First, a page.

The I-Hsiung Ju and Chow-Soon Chuang Ju Endowment for Traditional Chinese Art Studies, established in 2012 by Chow-Soon Chuang Ju, is a permanently endowed fund at Washington and Lee University providing support for student travel to China or Taiwan to study the practice of traditional Chinese art studies in brush painting and calligraphy in either a University approved program or as an apprentice to an artist. The endowment will be available to students interested in studying the history of traditional Chinese painting and calligraphy. The endowment may also fund student travel to China or Taiwan to enhance his or her study of Chinese language and literature or to support a visiting professor or artist trained in traditional Chinese art. The Dean of the College will administer the endowment in cooperation with the Department of Art and Art History and the Department of East Asian Languages and Literatures
The Robert A. Mosbacher Fund for International Lecturers and Visitors, established in 2006 by Robert A. Mosbacher '47A, '49L of Houston, Texas, is a permanently endowed fund at Washington and Lee University providing income to sponsor, as determined by the Provost in consultation with the University's deans, visiting scholars and speakers who have an interest and recognized experience in global issues and concerns and can bring these perspectives to students and faculty during short campus visits that include lectures, visits to classes and close interactions with students and faculty.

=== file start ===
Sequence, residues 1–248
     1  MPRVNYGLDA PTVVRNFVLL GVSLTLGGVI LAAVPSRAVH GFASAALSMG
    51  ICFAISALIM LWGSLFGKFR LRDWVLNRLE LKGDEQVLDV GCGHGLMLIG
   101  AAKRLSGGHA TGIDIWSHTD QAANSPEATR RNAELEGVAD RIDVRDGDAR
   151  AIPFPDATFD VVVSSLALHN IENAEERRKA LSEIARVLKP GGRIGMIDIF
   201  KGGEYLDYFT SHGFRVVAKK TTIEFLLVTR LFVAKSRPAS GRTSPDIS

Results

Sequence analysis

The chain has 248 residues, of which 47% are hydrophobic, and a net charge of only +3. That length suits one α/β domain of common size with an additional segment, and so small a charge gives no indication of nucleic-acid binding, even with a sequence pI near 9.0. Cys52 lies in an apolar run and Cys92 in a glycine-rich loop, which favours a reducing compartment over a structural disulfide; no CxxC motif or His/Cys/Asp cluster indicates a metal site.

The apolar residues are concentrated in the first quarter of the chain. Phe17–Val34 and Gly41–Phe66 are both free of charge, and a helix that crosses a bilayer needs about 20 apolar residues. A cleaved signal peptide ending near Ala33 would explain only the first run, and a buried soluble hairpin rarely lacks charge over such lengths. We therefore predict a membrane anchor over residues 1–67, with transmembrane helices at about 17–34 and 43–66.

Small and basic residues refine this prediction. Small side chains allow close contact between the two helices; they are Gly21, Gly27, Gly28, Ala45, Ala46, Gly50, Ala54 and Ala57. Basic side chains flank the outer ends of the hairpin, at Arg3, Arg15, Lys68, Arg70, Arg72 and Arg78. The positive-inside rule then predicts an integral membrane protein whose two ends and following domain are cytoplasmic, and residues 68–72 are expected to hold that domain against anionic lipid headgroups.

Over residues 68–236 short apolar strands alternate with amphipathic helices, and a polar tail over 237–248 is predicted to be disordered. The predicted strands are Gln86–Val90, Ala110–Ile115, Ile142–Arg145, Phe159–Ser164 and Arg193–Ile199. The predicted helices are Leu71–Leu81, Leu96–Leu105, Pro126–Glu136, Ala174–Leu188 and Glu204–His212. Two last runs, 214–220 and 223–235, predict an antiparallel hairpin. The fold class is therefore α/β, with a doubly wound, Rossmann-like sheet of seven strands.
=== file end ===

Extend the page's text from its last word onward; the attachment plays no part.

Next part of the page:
The Todd C. Smith Memorial Fellowship Fund was established in 1990 by friends of Todd Smith '83, a reporter for The Tampa Tribune who was killed in Peru in 1989 while working independently on a story about the international drug trade. The fellowship annually provides a stipend to enable a Washington and Lee student to pursue accreditable academic work in a foreign country and to immerse himself or herself extensively in that culture. The fellow's research and study are to be focused on a topic of current interest and importance, and the fellowship is expected to result in a publishable journalistic work. The Tampa Tribune will publish the fellow's work if it meets the Tribune's standards and editorial needs. The competition is open to any rising junior or senior enrolled in Washington and Lee University. The award is based on how closely the application reflects Smith's interest in promoting understanding of foreign issues and cultures through journalism.